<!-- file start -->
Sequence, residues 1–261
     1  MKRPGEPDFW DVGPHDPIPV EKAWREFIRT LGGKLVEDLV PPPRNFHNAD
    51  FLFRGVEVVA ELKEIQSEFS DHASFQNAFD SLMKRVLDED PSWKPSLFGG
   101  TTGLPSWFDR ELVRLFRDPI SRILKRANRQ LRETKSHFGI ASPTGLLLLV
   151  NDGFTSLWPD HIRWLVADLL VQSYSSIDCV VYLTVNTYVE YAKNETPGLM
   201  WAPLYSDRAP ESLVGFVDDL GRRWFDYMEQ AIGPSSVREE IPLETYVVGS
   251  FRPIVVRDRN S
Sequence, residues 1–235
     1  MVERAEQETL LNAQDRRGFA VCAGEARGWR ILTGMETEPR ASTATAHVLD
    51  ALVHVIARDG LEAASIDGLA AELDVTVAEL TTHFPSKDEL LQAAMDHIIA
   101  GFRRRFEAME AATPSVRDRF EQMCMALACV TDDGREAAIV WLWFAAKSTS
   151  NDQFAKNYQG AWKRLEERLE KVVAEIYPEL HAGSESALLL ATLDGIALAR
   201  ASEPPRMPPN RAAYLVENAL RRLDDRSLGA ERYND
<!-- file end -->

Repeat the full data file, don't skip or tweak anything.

Sequence, residues 1–261
     1  MKRPGEPDFW DVGPHDPIPV EKAWREFIRT LGGKLVEDLV PPPRNFHNAD
    51  FLFRGVEVVA ELKEIQSEFS DHASFQNAFD SLMKRVLDED PSWKPSLFGG
   101  TTGLPSWFDR ELVRLFRDPI SRILKRANRQ LRETKSHFGI ASPTGLLLLV
   151  NDGFTSLWPD HIRWLVADLL VQSYSSIDCV VYLTVNTYVE YAKNETPGLM
   201  WAPLYSDRAP ESLVGFVDDL GRRWFDYMEQ AIGPSSVREE IPLETYVVGS
   251  FRPIVVRDRN S
Sequence, residues 1–235
     1  MVERAEQETL LNAQDRRGFA VCAGEARGWR ILTGMETEPR ASTATAHVLD
    51  ALVHVIARDG LEAASIDGLA AELDVTVAEL TTHFPSKDEL LQAAMDHIIA
   101  GFRRRFEAME AATPSVRDRF EQMCMALACV TDDGREAAIV WLWFAAKSTS
   151  NDQFAKNYQG AWKRLEERLE KVVAEIYPEL HAGSESALLL ATLDGIALAR
   201  ASEPPRMPPN RAAYLVENAL RRLDDRSLGA ERYND